At CES 2018 last week, Lenovo revealed the Mirage Solo, the company’s standalone Daydream headset. The new device has everything on-board, including inside-out positional tracking, which means it doesn’t rely on a smartphone or external computer to drive the VR experience. There’s many benefits of standalone headsets compared to smartphone shell headsets, but the Mirage Solo’s price point seems to position it in an awkward in-between segment.

Strong Fundamentals

The Lenovo Mirage is based on Google’s standalone Daydream reference design which we first saw last year. The headset, which is to be priced “under $400,” of course runs a restricted version of Android which directly presents the Daydream VR content store/ecosystem to the wearer (you can’t run any standard Android phone/tablet apps on the headset).

A Step Up

Photo by Road to VR

Coming from the Daydream shell headsets, the Lenovo Mirage is a step up in most regards. The optics offer a notably wider field of view, which Lenovo claims is 110 degrees (which would roughly match headsets like the PSVR, Rift, and Vive, if true). The resolution is 2,560 × 1,440, which matches the resolution you’d expect from Gear VR and most other Daydream Ready phones (single display, no IPD adjustment).

Because it’s standalone, not only will it not kill the battery life on your own phone while in use, but the battery can be made larger than what’s in a phone in the first place; Lenovo is targeting an ample seven hours of battery life for the Mirage, and we hope that they’ve been able to use all the extra space to design enough thermal dissipation that users will never again have to worry about overheating (which significantly reduces performance).

Unlike the Daydream shell headsets though, the Mirage Solo crucially adds inside-out positional tracking thanks to a pair of front-facing cameras which allows the headset to track its position while moving through 3D space. This makes the headset much more like high-end tethered headsets, however, the controller itself is still rotational-only tracking; it’s effectively paired to your head position, so it gets a bit of pseudo-positional tracking, but not the real deal.

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Tipping the Scales

The Mirage Solo is quite heavy at 645g (1.42 pounds), for comparison: PSVR is 610g, Vive is 470g (555g at launch), and Rift is 470g. The ‘halo’ style strap has been proven to be fairly comfortable on the PSVR and other headsets, however Lenovo seems to have made almost no effort to counterbalance the weight by moving some of it to the back of the headband. It was comfortable enough in my 20 minutes using it, but long-term comfort remains to be seen.

Display & Lenses

Photo by Road to VR

Looking through the lenses, the clarity was quite good. As expected for an LCD display, there was almost no mura (color and brightness inconsistency between pixels), which helps a lot with clarity. The screen door effect was minimal and can be a little more or less apparent depending upon certain colors and brightness levels (darker hides it more, brighter tends to show it more). The lenses are indeed Fresnel, and the usual god rays are very apparent in high-contrast scenes. Despite the 75Hz refresh rate and LCD display, I couldn’t spot any ghosting/smearing. I also didn’t notice any flickering (which becomes more apparent with lower refresh rates than higher ones), though there’s a range of flicker sensitivity from one user to the next so your mileage may vary if you are particularly sensitive.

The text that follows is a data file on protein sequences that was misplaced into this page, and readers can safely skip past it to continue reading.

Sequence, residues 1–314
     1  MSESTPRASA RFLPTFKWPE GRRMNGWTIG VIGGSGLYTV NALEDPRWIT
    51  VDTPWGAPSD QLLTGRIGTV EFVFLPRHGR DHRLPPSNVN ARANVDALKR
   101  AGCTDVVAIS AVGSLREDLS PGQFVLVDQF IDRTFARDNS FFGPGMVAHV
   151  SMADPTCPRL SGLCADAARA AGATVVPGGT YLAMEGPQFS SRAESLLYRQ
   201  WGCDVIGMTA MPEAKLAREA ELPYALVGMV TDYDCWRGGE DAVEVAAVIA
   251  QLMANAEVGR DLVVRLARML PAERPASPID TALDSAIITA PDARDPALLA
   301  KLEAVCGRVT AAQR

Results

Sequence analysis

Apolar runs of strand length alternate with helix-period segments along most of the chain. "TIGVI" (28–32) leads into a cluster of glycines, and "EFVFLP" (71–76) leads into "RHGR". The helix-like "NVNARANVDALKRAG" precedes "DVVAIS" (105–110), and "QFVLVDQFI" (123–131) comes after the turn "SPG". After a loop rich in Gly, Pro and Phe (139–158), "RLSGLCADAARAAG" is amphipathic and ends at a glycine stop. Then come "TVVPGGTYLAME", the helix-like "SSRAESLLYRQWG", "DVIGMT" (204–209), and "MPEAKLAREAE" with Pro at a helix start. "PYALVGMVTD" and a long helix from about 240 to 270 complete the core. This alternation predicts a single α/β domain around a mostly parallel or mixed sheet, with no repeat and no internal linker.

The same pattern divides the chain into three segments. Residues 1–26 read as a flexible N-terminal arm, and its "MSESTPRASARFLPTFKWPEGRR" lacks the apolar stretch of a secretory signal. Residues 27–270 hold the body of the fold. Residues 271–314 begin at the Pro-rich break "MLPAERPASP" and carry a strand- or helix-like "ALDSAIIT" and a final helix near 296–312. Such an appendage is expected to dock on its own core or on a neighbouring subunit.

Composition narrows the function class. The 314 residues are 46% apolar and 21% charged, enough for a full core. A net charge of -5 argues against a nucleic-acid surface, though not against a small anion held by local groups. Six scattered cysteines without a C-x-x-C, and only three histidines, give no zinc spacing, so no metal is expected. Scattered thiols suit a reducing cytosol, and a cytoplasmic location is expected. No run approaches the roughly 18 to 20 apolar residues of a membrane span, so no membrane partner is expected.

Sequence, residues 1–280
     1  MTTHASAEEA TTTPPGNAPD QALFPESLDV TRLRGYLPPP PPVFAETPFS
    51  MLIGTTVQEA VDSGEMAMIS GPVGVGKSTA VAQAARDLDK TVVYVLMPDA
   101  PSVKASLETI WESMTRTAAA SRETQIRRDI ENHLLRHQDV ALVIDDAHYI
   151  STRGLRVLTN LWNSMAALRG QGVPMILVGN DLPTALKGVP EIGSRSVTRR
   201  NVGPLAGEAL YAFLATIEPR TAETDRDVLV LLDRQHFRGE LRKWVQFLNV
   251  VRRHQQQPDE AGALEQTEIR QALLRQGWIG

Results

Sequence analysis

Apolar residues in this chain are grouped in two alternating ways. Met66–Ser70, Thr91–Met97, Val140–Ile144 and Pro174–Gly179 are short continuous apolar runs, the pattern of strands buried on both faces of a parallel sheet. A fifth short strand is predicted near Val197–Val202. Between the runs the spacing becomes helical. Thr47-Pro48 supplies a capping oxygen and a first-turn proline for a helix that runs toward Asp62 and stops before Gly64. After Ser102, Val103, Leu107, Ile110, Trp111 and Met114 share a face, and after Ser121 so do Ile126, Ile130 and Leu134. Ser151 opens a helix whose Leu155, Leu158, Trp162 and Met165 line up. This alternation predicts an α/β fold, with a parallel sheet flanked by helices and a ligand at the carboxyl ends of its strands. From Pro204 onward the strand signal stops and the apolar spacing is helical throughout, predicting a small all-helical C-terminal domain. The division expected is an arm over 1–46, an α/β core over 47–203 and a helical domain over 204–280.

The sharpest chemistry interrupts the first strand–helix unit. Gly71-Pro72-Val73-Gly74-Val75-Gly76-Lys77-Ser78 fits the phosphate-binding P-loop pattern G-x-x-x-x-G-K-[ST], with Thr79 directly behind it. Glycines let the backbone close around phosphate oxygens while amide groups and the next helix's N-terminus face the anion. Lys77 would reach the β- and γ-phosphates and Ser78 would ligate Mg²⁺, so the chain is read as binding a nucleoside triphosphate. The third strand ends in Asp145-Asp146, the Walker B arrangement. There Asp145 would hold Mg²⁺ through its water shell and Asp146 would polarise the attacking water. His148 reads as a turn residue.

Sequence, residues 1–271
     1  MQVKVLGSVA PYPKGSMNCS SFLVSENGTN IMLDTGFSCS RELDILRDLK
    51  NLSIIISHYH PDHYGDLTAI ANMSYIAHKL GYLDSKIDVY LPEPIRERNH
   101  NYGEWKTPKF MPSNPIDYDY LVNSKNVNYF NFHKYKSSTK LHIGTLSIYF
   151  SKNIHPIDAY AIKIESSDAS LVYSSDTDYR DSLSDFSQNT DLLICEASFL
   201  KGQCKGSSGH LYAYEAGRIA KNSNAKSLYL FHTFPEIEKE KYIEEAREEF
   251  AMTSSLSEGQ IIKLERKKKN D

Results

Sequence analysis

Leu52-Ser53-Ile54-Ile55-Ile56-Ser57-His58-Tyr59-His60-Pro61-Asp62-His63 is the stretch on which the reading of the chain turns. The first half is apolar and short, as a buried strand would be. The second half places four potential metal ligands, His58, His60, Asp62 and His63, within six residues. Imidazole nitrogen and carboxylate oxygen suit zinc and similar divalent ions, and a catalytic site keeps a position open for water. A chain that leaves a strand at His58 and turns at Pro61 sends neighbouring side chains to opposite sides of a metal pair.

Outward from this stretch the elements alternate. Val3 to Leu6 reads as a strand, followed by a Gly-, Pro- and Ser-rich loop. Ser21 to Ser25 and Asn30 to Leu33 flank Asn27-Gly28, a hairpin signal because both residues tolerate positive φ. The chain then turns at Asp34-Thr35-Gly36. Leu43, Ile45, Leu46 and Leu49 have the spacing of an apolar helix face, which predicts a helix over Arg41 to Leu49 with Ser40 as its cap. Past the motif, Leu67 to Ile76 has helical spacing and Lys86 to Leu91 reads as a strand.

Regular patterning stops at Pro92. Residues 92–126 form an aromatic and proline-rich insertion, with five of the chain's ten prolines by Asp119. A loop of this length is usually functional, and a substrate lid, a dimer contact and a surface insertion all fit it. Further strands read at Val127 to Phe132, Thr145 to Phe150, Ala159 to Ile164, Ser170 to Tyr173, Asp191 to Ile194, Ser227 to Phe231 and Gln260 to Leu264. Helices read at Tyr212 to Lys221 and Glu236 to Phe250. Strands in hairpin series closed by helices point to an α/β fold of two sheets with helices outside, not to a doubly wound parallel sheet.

Clarity vs. Rendering Capability

Overall clarity is quite good, potentially class-leading among mobile headsets. The bottleneck to visual fidelity in this case may actually fall more on the rendering horsepower contained in the headset than on any optical or display parameter. High resolution rendering with heavy anti-aliasing is computationally expensive, and it must be used much more sparingly than what’s possible on tethered headsets.

Many of the experiences I tried on the Mirage would have looked significantly better if they had the budget for more anti-aliasing. That’s not to say that things looked bad through the headset, they actually looked quite good, but the graphics and limited anti-aliasing make for a distinct ‘mobile’ look. This means that visual fidelity is likely to range depending upon how skilled developers are when it comes to optimizing their applications to be capable of rendering at native resolution and with effective anti-aliasing, with the best looking titles still falling short of the type of AAA visuals possible on tethered headsets. Though to be fair, the same rule about developer optimization skill applies on tethered headsets as well.

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Positional Tracking

The Mirage Solo’s inside-out positional tracking is the same WorldSense tracking that Google introduced for these standalone headsets last year. Using the on-board cameras, the headset is able to accurately derive its own position by observing the world around it (it doesn’t seem that the cameras will be usable for pass-through video). In my short initial experience with the headset, the tracking was entirely competent and I quickly felt comfortable enough to physically move around, taking several steps in either direction.

I didn’t spot any overt latency, but the positional tracking at a very fine level felt a little ‘sticky’, as in—when I kept my head still and then began moving it slowly, it would take just a moment before my virtual view started moving. It feels like this could be the result of tuning to reduce jitter (subtle, static jumpiness caused by the system’s inherent imprecision). It feels subtle enough that the majority of users won’t notice it, especially during typical gameplay (which is a little different from me staring at the floor trying to suss out the intricacies of the tracking system!). It remains to be seen how the system will handle particularly challenging tracking scenarios, like when surrounded by mirrors, windows, and direct sunlight.